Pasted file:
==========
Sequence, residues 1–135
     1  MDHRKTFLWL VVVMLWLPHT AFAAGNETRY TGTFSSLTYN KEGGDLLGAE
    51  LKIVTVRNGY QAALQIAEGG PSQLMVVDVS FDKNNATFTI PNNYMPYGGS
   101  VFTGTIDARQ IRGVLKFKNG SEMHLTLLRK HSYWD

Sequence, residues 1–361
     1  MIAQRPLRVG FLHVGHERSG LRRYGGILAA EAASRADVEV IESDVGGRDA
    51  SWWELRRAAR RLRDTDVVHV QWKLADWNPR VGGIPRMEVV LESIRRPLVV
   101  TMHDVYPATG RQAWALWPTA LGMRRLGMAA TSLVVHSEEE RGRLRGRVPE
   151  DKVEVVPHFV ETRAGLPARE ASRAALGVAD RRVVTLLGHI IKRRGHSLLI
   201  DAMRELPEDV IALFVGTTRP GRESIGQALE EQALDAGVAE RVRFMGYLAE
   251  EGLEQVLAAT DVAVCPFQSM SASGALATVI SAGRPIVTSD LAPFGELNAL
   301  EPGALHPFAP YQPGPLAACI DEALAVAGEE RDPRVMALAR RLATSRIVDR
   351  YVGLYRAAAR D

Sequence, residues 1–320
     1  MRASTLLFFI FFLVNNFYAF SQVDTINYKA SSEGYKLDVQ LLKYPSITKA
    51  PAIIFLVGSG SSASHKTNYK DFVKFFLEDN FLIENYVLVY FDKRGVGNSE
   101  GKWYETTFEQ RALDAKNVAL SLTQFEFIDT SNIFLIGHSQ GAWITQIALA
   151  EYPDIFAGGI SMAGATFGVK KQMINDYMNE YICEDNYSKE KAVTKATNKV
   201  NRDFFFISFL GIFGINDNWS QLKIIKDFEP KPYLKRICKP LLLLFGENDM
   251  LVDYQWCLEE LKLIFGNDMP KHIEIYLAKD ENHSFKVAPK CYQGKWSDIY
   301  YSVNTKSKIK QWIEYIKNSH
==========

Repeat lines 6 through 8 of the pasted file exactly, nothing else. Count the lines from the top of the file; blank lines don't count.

     1  MIAQRPLRVG FLHVGHERSG LRRYGGILAA EAASRADVEV IESDVGGRDA
    51  SWWELRRAAR RLRDTDVVHV QWKLADWNPR VGGIPRMEVV LESIRRPLVV
   101  TMHDVYPATG RQAWALWPTA LGMRRLGMAA TSLVVHSEEE RGRLRGRVPE